While Australian screenwriter Barrett bases her first novel on the story of real-life whaler George "Fearless" Davidson, George's prickly yet endearing daughter Mary is the star.
Thirty years after the fact, Mary Davidson sets out to write about the season of 1908, which she sees as a turning point in New South Wales' whaling business—the beginning of the decline in the number of whales as well in demand for whale oil, as kerosene became widely available, and for whalebone, as women stopped wearing corsets. In 1908, Mary is 19 years old and running the household, which includes her three younger sisters and two brothers, for her widowed father. Her portrait of family life is drolly tart and unsentimental. Actually, so is her portrait of herself, until the day ex–Methodist minister John Beck shows up to work for Mary’s father despite a complete lack of experience as a whaler. Mary is never able to piece together Beck’s whole back story, and neither is the reader; maintaining the mystery of his past and his motives is a daring choice by the author, teetering as it does between provocative and irksome. Despite Mary’s awkward manners, she and John begin a flirtation that threatens to become something deeper. Meanwhile, Mary’s pretty and charming 16-year-old sister, Louisa, whom Mary claims to disdain for her frivolity, wards off a variety of suitors. But Louisa proves more complicated than Mary realized when she makes a shocking decision that throws the family into chaos. Mary’s narrative reflects her just-the-facts-ma’am personality, and she describes the fundamentals of whaling in more depth than will interest any but the most die-hard aficionado (although the relationship between the whalers and the local killer whales, with names like Tom and Jackson, is fascinating, given what scientists have since discovered about their intelligence). But despite herself, Mary’s emotions slip between the facts, particularly in small, often bittersweet asides about what's happened to various Davidsons in the years since 1908.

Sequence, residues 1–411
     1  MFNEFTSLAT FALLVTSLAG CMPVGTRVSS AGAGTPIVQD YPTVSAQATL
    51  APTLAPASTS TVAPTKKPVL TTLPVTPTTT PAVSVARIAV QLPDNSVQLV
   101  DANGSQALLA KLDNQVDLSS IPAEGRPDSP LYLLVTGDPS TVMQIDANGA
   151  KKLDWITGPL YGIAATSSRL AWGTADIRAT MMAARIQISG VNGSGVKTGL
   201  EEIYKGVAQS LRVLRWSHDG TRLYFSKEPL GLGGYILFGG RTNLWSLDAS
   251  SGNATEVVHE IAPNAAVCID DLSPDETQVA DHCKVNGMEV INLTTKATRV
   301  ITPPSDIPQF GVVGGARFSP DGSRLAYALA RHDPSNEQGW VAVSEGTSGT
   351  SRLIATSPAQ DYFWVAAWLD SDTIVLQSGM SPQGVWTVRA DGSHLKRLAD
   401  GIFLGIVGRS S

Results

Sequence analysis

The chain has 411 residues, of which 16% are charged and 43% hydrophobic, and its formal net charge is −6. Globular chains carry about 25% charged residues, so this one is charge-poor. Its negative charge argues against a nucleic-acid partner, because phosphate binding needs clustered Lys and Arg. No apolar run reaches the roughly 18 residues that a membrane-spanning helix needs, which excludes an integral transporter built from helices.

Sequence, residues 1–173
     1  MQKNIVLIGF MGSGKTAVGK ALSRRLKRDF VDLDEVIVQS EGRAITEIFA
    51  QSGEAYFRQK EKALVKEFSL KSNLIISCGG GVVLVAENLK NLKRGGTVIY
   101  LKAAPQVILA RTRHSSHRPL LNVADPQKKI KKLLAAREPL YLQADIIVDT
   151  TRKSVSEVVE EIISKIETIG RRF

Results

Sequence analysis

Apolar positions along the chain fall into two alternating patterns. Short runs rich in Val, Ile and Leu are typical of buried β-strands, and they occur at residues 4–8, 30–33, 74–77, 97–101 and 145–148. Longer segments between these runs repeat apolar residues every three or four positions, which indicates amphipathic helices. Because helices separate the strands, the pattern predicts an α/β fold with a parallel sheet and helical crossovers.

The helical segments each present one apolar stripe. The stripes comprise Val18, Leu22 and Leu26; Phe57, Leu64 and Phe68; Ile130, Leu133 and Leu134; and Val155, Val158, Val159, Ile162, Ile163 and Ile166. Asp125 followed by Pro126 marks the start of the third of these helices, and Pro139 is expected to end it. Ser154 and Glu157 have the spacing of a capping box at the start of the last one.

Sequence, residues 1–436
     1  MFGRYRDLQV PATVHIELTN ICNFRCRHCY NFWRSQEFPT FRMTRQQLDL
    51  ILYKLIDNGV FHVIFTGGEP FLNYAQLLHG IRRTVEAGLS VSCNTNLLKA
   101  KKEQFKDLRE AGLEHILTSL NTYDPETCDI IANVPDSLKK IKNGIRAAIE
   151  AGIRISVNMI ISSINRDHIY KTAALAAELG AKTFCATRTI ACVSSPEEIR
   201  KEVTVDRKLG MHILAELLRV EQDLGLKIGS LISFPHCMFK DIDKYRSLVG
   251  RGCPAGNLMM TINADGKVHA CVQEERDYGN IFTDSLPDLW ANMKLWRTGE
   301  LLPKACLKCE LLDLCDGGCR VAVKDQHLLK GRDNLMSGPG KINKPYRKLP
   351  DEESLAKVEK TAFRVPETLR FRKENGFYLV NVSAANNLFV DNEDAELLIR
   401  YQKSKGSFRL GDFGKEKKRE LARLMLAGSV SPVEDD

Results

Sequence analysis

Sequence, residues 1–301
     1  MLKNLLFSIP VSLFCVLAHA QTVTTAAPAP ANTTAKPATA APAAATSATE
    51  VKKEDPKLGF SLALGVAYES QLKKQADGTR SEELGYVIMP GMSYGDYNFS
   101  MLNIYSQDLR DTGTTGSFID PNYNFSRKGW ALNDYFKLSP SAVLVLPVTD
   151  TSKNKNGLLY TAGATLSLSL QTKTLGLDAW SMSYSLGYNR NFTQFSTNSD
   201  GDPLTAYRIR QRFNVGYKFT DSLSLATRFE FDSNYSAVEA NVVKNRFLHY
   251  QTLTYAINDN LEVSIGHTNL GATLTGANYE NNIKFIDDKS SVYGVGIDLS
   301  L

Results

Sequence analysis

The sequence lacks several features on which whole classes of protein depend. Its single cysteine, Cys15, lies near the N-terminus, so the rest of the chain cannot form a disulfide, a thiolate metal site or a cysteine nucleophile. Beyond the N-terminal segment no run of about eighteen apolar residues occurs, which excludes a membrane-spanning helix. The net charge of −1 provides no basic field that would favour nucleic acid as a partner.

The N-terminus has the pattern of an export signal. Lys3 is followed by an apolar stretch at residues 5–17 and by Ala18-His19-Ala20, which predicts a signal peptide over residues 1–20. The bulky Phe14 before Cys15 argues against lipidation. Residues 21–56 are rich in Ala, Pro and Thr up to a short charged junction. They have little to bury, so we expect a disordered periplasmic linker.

Yes, there’s a lot of whaling talk, but with a narrator reminiscent of Jo March, the sensibility here is more akin to Little Women than Moby-Dick.